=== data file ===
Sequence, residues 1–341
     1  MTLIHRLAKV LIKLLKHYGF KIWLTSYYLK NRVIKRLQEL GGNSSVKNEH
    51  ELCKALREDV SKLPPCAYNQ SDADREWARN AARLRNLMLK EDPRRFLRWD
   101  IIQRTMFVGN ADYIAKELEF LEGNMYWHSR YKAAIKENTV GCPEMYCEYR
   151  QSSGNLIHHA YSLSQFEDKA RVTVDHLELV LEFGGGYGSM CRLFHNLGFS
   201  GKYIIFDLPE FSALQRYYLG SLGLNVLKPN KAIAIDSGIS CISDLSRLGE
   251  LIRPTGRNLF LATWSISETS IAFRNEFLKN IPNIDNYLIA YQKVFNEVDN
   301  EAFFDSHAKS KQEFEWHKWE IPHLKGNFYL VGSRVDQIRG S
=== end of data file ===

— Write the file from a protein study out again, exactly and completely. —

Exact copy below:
Sequence, residues 1–341
     1  MTLIHRLAKV LIKLLKHYGF KIWLTSYYLK NRVIKRLQEL GGNSSVKNEH
    51  ELCKALREDV SKLPPCAYNQ SDADREWARN AARLRNLMLK EDPRRFLRWD
   101  IIQRTMFVGN ADYIAKELEF LEGNMYWHSR YKAAIKENTV GCPEMYCEYR
   151  QSSGNLIHHA YSLSQFEDKA RVTVDHLELV LEFGGGYGSM CRLFHNLGFS
   201  GKYIIFDLPE FSALQRYYLG SLGLNVLKPN KAIAIDSGIS CISDLSRLGE
   251  LIRPTGRNLF LATWSISETS IAFRNEFLKN IPNIDNYLIA YQKVFNEVDN
   301  EAFFDSHAKS KQEFEWHKWE IPHLKGNFYL VGSRVDQIRG S